by John Calvin (compiled by John H. Kromminga)
Then the eyes of the blind shall be opened, and the ears of the deaf shall be unstopped. —Isaiah 35:5
"Then shall the eyes of the blind be opened...." The eyes cannot see what is right and the ears cannot hear, and the feet cannot guide us in the right way, till we are united to Christ. Though the senses of men are abundantly acute whenever they are impelled by sinful passions; though the tongue is eloquent for slander, lying, and every kind of foolish speaking; though the hands are too ready for thefts, extortions, and cruelty; though the feet are swift to do injury; and, in short, though the whole of our nature is not only willing but strongly bent on doing what is evil; yet we are altogether slothful and dull to do what is good, and therefore every part of us must be created anew by the power of Christ, that it may begin to understand aright, to feel, to speak, and to perform its offices; for "no man can say that Jesus is the Lord, but by the Holy Spirit" (I Cor. 12:3). —Commentaries
John Calvin was the premier theologian of the Reformation, but also a pious and godly Christian pastor who endeavored throughout his life to point men and women to Christ. We are grateful to Reformation Heritage Books for permission to use John Calvin's Thine Is My Heart as our daily devotional for 2013 on the OPC Web site. You can currently obtain a printed copy of that book from Reformation Heritage Books.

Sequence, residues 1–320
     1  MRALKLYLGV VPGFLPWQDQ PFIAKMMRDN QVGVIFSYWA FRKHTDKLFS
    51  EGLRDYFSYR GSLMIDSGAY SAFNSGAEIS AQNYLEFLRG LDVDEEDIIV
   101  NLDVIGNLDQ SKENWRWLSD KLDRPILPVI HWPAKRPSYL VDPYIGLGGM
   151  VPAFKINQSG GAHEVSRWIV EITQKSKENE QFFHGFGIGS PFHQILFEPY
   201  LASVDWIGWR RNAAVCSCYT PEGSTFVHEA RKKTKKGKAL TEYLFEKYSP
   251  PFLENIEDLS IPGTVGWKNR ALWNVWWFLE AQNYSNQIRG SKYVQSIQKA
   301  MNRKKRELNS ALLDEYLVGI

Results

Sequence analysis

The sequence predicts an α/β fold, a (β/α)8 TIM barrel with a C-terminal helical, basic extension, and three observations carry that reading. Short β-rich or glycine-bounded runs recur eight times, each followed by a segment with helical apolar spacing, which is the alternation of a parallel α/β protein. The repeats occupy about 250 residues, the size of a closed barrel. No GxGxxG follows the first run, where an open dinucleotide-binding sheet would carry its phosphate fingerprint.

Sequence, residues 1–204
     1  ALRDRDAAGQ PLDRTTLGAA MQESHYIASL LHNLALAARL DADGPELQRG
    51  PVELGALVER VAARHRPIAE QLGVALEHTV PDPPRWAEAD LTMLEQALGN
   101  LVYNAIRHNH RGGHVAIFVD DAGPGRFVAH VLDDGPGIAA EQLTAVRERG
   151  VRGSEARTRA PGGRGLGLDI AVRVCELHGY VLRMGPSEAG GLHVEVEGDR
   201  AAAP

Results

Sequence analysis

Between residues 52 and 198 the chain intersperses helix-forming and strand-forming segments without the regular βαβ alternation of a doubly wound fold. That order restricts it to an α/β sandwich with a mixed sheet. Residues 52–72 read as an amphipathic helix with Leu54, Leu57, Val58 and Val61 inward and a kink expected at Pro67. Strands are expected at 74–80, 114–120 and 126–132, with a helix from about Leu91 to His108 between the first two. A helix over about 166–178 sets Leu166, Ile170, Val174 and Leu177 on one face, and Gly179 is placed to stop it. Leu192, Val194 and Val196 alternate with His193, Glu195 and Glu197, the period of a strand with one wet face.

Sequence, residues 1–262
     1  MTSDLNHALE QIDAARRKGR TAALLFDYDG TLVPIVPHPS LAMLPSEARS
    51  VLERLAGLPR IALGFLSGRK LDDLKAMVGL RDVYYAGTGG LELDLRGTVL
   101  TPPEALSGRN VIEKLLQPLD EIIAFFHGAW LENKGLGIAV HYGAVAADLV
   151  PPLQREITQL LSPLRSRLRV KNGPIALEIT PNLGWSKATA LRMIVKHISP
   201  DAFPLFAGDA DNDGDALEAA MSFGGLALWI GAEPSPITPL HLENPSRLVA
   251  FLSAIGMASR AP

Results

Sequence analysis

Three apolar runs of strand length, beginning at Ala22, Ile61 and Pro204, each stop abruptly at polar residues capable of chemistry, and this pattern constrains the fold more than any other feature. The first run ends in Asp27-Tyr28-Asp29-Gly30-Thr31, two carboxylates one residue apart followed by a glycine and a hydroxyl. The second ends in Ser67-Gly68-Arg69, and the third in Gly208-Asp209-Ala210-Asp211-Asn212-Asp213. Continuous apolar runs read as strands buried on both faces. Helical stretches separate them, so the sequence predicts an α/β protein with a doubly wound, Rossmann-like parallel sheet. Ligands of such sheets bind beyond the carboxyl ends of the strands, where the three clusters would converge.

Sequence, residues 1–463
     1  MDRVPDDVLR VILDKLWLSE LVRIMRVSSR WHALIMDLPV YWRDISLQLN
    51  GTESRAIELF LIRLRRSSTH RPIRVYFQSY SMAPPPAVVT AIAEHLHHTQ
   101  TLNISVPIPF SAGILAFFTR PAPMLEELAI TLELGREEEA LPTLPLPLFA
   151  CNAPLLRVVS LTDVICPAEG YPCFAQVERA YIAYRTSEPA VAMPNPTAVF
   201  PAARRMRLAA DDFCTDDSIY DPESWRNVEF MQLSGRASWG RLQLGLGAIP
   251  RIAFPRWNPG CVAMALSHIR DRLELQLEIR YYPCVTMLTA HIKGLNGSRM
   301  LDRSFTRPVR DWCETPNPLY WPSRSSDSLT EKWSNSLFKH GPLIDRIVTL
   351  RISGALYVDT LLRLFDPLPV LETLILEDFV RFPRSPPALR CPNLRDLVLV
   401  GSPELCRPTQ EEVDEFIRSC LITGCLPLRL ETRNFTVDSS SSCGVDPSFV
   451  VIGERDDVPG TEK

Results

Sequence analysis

Dr. Joel Beeke, who is editorial director of Reformation Heritage Books, has this to say:
"Calvin shows us the piety of a Reformed theologian who speaks from the heart. Having tasted the goodness and grace of God in Jesus Christ, he pursued piety by seeking to know and do God’s will every day. He communed with Christ, practicing repentance, self-denial, and cross-bearing. Moreover, his theology worked itself out in heart-felt, Christ-honoring piety. The selections of this devotional bear this out, and hopefully will be used by God to direct pious hearts in our own day."
These devotional readings from John Calvin were compiled by John H. Kromminga. Be sure to read his "Introduction" to John Calvin's Thine Is My Heart.